Artikkelit: Recent submissions

Now showing items 1-20 of 29938
  • Acharya, U. A.; Adare, A.; Aidala, C.; Ajitanand, N. N.; Akiba, Y.; Akimoto, R.; Alfred, M.; Apadula, N.; Aramaki, Y.; Asano, H.; Atomssa, E. T.; Awes, T. C.; Azmoun, B.; Babintsev, V.; Bai, M.; Bandara, N. S.; Bannier, B.; Barish, K. N.; Bathe, S.; Bazilevsky, A.; Beaumier, M.; Beckman, S.; Belmont, R.; Berdnikov, A.; Berdnikov, Y.; Black, D.; Bok, J. S.; Boyle, K.; Brooks, M. L.; Bryslawskyj, J.; Buesching, H.; Bumazhnov, V.; Campbell, S.; Roman, V. Canoa; Chen, C-H; Chi, C. Y.; Chiu, M.; He, X.; Kim, D. J.; Li, X.; Liu, M. X.; Novitzky, N.; Park, S.; Rak, J.; Sun, X.; Wang, X. R.; Wang, Z.; Wong, C. P.; Wu, Y.; Zou, L. (2020)
    The PHENIX experiment at the Relativistic Heavy Ion Collider has measured the differential cross section, mean transverse momentum, mean transverse momentum squared of inclusive J/psi, and cross section ratio of psi(2S) to J/psi at forward rapidity in p + p collisions at root s = 510 GeV via the dimuon decay channel. Comparison is made to inclusive J/psi cross sections measured at root s = 200 GeV and 2.76-13 TeV. The result is also compared to leading-order nonrelativistic QCD calculations coupled to a color-glass-condensate description of the low-x gluons in the proton at low transverse momentum (p(T)) and to next-to-leading order nonrelativistic QCD calculations for the rest of the p(T) range. These calculations overestimate the data at low p(T). While consistent with the data within uncertainties above approximate to 3 GeV/c, the calculations are systematically below the data. The total cross section times the branching ratio is BR d sigma(J/)(psi)(pp) / dy(1.2 <vertical bar y vertical bar <2.2,0 <p(T) <10 GeV/c) = 54.3 +/- 0.5(stat) +/- 5.5(syst) nb.
  • Kulha, Niko; Pasanen, Leena; Holmström, Lasse; Grandpre, Louis de; Gauthier, Sylvie; Kuuluvainen, Timo; Aakala, Tuomas (2020)
    Context: Changes in the structure of boreal old-growth forests are typically studied at a specific spatial scale. Consequently, little is known about forest development across different spatial scales. Objectives: We investigated how and at what spatial scales forest structure changed over several decades in three 4 km² boreal old-growth forests landscapes in northeastern Finland and two in Quebec, Canada. Methods: We used canopy cover values visually interpreted to 0.1-ha grid cells from aerial photographs taken at three time points between the years 1959 and 2011, and error distributions quantified for the interpretation. We identified the spatial scales at which canopy cover changed between the time points, and examined the credibility of changes at these scales using the error distributions in Bayesian inference. Results: Canopy cover changed at three to four spatial scales, the number of scales depending on the studied landscape and time interval. At large scales (15.4–321.7 ha), canopy cover increased in Finland during all time intervals. In Quebec, the direction of the large-scale change varied between the studied time intervals, owing to the occurrence of an insect outbreak and a consequent recovery. However, parts of these landscapes also showed canopy cover increase. Superimposed on the large-scale developments, canopy cover changed variably at smaller scales (1.3–2.8-ha and 0.1-ha). Conclusions: Our findings support the idea that the structure of boreal old-growth forests changes at discernible spatial scales. Instead of being driven by gap dynamics, the old-growth forests in the studied regions are currently reacting to large-scale drivers by an increase in canopy cover.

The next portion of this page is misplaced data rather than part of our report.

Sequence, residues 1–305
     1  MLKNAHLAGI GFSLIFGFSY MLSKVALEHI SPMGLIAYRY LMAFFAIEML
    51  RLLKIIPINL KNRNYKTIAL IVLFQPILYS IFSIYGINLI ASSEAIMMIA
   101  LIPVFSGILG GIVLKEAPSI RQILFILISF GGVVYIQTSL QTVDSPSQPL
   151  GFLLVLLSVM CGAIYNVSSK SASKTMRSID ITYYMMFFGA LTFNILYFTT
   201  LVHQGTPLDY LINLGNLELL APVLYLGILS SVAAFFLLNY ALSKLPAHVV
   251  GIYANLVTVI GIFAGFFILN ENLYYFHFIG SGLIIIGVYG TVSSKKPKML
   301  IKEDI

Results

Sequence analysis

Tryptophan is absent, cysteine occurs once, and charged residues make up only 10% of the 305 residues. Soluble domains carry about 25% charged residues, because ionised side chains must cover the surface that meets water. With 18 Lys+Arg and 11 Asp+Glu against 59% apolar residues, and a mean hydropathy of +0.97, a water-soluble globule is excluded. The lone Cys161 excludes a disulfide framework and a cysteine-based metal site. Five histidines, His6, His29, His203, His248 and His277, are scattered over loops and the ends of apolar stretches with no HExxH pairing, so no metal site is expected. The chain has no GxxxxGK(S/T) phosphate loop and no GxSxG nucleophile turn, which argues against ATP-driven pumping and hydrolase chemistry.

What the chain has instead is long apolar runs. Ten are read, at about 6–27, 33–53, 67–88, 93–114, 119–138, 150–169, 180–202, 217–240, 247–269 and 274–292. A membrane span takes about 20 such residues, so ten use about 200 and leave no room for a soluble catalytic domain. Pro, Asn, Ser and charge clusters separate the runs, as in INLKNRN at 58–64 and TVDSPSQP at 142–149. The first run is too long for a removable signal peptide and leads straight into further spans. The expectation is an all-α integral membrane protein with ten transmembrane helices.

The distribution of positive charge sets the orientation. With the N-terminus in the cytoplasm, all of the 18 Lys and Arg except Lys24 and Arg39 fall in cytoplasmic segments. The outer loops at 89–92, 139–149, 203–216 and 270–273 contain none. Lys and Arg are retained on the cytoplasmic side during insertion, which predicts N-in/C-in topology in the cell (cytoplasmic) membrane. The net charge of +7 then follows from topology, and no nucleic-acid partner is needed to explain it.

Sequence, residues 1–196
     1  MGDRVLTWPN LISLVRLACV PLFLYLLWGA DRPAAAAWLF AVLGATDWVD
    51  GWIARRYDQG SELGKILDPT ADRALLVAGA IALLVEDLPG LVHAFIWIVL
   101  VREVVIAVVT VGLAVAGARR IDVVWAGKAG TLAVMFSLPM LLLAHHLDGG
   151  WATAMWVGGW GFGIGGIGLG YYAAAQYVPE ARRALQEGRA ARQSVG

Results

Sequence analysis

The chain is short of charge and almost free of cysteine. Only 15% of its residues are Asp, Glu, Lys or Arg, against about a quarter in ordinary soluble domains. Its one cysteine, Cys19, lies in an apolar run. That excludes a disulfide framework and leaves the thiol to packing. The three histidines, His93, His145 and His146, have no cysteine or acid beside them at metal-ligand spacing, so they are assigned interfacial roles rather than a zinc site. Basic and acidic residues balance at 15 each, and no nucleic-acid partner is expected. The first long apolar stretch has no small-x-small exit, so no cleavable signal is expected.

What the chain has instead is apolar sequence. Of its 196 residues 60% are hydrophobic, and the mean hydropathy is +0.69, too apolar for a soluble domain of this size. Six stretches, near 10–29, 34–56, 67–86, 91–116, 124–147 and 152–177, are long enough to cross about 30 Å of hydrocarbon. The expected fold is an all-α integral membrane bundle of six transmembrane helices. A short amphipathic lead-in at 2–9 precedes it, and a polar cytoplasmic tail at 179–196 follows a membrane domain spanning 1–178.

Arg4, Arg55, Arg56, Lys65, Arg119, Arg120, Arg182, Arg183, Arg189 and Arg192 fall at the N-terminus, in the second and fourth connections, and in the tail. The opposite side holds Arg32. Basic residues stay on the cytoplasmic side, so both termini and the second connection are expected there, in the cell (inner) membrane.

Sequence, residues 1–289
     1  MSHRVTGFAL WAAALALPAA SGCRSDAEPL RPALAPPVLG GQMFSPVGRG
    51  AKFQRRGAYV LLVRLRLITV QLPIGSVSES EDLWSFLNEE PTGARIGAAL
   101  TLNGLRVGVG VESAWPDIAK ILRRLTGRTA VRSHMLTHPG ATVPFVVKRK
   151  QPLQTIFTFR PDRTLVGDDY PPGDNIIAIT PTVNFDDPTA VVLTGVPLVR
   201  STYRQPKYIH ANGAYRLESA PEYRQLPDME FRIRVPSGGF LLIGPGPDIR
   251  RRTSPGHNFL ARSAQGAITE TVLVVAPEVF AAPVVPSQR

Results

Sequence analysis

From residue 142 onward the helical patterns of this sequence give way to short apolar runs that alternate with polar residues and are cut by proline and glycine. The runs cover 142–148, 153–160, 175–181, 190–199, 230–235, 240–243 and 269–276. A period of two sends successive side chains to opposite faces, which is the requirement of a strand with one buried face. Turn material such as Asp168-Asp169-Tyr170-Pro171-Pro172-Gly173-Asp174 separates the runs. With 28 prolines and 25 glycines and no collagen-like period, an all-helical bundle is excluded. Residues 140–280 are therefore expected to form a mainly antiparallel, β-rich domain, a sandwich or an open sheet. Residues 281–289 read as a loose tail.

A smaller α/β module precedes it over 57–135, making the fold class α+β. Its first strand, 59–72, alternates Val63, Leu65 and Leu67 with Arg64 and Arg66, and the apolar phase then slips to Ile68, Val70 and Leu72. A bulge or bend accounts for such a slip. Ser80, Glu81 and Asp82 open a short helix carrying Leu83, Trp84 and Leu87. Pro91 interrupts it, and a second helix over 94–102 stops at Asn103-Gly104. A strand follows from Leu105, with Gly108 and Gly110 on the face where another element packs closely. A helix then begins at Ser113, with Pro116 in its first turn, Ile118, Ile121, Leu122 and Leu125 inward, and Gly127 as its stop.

• Seidl, Rupert; Honkaniemi, Juha; Aakala, Tuomas; Aleinikov, Alexey; Angelstam, Per; Bouchard, Mathieu; Boulanger, Yan; Burton, Philip J.; De Grandpre, Louis; Gauthier, Sylvie; Hansen, Winslow D.; Jepsen, Jane U.; Jogiste, Kalev; Kneeshaw, Daniel D.; Kuuluvainen, Timo; Lisitsyna, Olga; Makoto, Kobayashi; Mori, Akira S.; Pureswaran, Deepa S.; Shorohova, Ekaterina; Shubnitsina, Elena; Taylor, Anthony R.; Vladimirova, Nadezhda; Vodde, Floortje; Senf, Cornelius (2020)